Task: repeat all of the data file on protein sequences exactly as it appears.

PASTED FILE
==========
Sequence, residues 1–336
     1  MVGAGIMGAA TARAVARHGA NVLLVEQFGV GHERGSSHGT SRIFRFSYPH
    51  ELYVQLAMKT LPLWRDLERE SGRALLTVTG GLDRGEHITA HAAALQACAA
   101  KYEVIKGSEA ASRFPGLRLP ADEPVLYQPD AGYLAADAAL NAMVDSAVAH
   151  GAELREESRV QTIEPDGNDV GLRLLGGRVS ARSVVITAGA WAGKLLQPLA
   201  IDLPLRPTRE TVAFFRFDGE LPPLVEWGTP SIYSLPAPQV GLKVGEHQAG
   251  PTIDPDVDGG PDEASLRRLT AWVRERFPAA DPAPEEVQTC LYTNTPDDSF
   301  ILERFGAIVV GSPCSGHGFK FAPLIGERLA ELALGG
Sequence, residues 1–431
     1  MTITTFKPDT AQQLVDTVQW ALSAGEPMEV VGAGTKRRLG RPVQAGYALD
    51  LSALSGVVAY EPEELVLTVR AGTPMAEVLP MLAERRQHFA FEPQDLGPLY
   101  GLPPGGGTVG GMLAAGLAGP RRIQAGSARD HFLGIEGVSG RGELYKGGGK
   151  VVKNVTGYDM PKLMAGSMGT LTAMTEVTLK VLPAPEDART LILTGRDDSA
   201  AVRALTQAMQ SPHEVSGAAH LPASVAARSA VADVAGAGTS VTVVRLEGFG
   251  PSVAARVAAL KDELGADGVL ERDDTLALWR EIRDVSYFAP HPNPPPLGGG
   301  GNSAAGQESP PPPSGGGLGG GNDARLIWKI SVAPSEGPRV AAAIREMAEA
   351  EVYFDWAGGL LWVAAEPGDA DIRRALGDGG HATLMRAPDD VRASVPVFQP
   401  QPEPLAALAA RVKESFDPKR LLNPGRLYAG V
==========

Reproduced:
Sequence, residues 1–336
     1  MVGAGIMGAA TARAVARHGA NVLLVEQFGV GHERGSSHGT SRIFRFSYPH
    51  ELYVQLAMKT LPLWRDLERE SGRALLTVTG GLDRGEHITA HAAALQACAA
   101  KYEVIKGSEA ASRFPGLRLP ADEPVLYQPD AGYLAADAAL NAMVDSAVAH
   151  GAELREESRV QTIEPDGNDV GLRLLGGRVS ARSVVITAGA WAGKLLQPLA
   201  IDLPLRPTRE TVAFFRFDGE LPPLVEWGTP SIYSLPAPQV GLKVGEHQAG
   251  PTIDPDVDGG PDEASLRRLT AWVRERFPAA DPAPEEVQTC LYTNTPDDSF
   301  ILERFGAIVV GSPCSGHGFK FAPLIGERLA ELALGG
Sequence, residues 1–431
     1  MTITTFKPDT AQQLVDTVQW ALSAGEPMEV VGAGTKRRLG RPVQAGYALD
    51  LSALSGVVAY EPEELVLTVR AGTPMAEVLP MLAERRQHFA FEPQDLGPLY
   101  GLPPGGGTVG GMLAAGLAGP RRIQAGSARD HFLGIEGVSG RGELYKGGGK
   151  VVKNVTGYDM PKLMAGSMGT LTAMTEVTLK VLPAPEDART LILTGRDDSA
   201  AVRALTQAMQ SPHEVSGAAH LPASVAARSA VADVAGAGTS VTVVRLEGFG
   251  PSVAARVAAL KDELGADGVL ERDDTLALWR EIRDVSYFAP HPNPPPLGGG
   301  GNSAAGQESP PPPSGGGLGG GNDARLIWKI SVAPSEGPRV AAAIREMAEA
   351  EVYFDWAGGL LWVAAEPGDA DIRRALGDGG HATLMRAPDD VRASVPVFQP
   401  QPEPLAALAA RVKESFDPKR LLNPGRLYAG V